That's what might've gone through the insurance executive's car-enthusiast mind after the Mustang's paperwork crossed his desk. The 1965 2-seater "Shorty Mustang" had just become the insurance company's property.
The strange story of how it escaped the crusher, and the rich story of the car's designer Vincent Gardner, begins much earlier though. Not yet out of high school, Mr. Garner won the Fisher Body Craftsman Guild Competition. His first employment opportunity allowed him work with Gordon M. Buehrig on the design of the 1935 Cord. And, in 1950, with his Vega Roadster he won another design competition. This one sponsored by Motor Trend and Ford.
1953 Ford Vega Roadster
Ford had Vincent's "Shorty Mustang" built by Detroit Steel Tube Company with one of the 10 pre-production 1964½ Mustangs used as a starting point. 16 inches were chopped in total. It was fitted with a 260-cu.in. V-8 bored and stroked to 302-cu.in., and was constructed of fiberglass from the cowl rearward.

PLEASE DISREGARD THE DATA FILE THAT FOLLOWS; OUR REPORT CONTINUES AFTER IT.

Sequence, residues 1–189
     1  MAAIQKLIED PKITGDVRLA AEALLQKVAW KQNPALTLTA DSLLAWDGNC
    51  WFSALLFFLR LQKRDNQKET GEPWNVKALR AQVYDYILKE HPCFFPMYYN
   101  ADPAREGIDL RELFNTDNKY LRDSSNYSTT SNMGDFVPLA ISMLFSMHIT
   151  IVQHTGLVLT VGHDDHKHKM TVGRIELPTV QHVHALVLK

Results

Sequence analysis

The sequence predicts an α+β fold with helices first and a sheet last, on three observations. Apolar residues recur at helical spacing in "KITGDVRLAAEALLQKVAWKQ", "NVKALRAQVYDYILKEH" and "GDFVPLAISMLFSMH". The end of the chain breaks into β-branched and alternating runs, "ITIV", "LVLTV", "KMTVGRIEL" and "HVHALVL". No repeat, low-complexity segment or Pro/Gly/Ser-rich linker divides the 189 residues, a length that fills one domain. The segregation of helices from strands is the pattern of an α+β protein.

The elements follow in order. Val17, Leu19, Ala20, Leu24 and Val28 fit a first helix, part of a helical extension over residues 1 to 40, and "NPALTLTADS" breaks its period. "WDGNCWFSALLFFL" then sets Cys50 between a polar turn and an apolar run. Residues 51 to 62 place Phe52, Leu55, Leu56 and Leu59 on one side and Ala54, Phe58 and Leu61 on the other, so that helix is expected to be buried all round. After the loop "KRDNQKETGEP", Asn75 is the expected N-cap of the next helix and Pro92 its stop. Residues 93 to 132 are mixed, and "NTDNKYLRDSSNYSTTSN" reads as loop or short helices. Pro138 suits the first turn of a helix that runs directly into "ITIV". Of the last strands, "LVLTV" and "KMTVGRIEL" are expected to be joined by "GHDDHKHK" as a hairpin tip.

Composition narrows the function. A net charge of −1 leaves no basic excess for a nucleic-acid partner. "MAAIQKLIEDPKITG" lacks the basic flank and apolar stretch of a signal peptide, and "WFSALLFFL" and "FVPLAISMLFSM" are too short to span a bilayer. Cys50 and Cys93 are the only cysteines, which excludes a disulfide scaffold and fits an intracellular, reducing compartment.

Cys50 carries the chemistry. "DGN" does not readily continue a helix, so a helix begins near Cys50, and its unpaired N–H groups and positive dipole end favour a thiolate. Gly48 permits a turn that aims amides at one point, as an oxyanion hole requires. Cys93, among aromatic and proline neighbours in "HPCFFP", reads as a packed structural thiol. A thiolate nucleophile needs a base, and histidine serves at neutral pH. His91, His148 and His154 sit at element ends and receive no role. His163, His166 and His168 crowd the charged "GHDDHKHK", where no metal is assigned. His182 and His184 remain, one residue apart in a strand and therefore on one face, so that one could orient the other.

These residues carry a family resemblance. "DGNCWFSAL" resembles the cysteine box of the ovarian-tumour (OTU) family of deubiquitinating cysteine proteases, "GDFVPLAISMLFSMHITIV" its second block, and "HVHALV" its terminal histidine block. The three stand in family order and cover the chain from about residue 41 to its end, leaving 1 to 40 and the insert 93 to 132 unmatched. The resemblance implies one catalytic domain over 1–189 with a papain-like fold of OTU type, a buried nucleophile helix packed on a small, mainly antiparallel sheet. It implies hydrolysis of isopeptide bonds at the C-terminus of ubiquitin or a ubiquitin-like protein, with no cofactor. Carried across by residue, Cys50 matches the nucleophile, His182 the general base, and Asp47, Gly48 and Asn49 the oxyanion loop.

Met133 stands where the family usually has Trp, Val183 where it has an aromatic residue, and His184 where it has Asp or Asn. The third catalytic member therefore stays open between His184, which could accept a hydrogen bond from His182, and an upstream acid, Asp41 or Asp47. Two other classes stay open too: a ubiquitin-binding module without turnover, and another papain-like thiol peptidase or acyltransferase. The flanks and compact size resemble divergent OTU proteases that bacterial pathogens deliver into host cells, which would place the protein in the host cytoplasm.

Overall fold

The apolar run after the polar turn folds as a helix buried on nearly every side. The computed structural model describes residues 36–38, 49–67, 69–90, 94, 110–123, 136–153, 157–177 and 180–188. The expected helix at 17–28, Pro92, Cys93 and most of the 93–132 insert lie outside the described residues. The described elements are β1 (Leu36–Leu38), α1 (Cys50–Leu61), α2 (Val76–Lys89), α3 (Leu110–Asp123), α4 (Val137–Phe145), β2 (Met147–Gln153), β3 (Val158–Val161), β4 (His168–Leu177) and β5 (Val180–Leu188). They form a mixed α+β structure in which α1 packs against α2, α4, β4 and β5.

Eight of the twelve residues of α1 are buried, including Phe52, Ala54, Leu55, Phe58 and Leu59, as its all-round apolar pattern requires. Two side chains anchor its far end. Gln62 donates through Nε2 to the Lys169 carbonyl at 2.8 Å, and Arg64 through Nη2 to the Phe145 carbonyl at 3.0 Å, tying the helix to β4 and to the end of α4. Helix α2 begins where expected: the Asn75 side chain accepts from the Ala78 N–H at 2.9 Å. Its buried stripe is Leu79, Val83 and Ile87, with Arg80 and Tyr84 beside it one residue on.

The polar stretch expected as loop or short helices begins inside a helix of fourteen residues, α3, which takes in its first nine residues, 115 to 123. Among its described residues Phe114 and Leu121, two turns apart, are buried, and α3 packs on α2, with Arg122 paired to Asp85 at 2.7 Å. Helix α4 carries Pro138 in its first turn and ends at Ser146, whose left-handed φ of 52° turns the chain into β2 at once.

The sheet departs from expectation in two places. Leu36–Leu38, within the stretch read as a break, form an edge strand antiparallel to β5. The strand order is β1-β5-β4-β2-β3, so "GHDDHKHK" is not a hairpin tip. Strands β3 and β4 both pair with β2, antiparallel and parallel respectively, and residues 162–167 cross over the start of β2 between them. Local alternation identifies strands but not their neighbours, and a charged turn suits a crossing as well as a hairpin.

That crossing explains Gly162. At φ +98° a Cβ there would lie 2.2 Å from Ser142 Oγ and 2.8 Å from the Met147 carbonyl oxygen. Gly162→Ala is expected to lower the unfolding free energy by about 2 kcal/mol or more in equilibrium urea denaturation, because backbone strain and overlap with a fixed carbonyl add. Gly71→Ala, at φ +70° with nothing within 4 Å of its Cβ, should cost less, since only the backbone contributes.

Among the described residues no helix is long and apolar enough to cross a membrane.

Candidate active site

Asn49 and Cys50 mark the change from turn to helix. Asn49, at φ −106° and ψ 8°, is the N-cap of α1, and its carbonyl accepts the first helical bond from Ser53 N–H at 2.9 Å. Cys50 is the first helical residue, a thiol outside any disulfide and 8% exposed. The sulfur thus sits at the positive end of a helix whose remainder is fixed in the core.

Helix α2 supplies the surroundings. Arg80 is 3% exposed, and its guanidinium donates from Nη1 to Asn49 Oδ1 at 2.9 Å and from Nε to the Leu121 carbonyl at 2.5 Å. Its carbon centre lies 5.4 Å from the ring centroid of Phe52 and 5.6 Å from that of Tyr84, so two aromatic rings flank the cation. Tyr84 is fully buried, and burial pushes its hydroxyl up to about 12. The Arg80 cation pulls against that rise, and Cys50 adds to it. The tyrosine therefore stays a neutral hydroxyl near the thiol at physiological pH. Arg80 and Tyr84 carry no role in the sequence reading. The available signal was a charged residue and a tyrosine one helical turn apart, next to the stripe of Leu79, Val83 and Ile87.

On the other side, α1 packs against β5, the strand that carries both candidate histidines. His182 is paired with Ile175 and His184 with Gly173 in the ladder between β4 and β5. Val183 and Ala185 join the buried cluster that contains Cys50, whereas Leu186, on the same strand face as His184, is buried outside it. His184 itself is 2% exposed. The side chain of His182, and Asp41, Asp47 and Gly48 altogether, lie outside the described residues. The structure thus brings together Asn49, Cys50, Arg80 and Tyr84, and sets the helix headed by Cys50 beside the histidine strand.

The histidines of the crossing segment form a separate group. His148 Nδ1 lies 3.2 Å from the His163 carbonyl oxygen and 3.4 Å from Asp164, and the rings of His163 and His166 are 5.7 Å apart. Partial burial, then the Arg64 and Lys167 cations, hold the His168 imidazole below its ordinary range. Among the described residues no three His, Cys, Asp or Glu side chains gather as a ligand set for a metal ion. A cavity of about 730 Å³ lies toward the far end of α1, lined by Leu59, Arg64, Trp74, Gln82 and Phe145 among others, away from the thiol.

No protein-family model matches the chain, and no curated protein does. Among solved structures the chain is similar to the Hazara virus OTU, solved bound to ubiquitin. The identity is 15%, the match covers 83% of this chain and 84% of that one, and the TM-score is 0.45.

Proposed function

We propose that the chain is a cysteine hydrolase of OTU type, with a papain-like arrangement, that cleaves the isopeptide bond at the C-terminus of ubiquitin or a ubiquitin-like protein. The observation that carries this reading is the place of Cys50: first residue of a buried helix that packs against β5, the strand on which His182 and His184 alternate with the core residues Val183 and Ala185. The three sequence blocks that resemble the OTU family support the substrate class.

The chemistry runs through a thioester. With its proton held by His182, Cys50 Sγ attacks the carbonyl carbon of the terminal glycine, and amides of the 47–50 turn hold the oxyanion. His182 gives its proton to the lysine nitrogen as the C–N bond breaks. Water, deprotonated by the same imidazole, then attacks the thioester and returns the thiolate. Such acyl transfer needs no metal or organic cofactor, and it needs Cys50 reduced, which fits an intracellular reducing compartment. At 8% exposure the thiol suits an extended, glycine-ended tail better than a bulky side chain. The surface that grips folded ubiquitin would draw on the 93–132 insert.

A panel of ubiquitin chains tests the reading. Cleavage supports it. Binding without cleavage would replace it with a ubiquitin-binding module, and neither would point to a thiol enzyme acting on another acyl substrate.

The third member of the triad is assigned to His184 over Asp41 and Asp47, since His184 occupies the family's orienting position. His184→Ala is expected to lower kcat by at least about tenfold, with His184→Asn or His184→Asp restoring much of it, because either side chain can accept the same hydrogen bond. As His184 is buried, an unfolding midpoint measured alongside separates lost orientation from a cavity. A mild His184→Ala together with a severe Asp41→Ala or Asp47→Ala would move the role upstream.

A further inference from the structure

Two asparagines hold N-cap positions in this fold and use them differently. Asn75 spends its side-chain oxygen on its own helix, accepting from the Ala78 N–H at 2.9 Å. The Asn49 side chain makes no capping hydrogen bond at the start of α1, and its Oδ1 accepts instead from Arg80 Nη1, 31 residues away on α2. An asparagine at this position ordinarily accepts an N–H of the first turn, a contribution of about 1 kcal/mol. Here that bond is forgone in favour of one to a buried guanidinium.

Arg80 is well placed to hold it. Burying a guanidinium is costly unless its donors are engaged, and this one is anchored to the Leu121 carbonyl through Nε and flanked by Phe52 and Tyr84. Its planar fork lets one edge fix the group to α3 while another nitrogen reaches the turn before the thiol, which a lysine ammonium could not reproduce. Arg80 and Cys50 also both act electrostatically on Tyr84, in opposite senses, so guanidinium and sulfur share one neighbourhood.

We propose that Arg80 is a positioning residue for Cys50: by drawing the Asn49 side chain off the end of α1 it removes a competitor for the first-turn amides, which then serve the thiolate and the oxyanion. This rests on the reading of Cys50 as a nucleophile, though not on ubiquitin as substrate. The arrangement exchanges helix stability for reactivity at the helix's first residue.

After it made the rounds of the show circuit as a '68 refresh proposal, Vincent became convinced the car would soon be crushed. This is where the story takes a twist. He actually stole it from Ford, and had it bricked-up behind a warehouse wall in Inkster, Michigan.
Vincent wasn't able to make the rent payments on the warehouse, so the insurance company took possession of the space. In doing so, they took the Mustang too, as Ford had already received insurance money for the stolen vehicle. All this transpired just 6 months after it was hidden away.
Enter the lucky executive whose desk the paperwork landed on. He purchased it and quickly put it up for sale in a collector car magazine. That's where Bill Snyder the current owner, found it and promptly bought it. He dreamed of owning the car since he first saw it in '66.
Mr. Snyder has said, "The car goes like stink".
It will be shown at the 2013 Amelia Island Concours d'Elegance in Florida from March 8-10, 2013.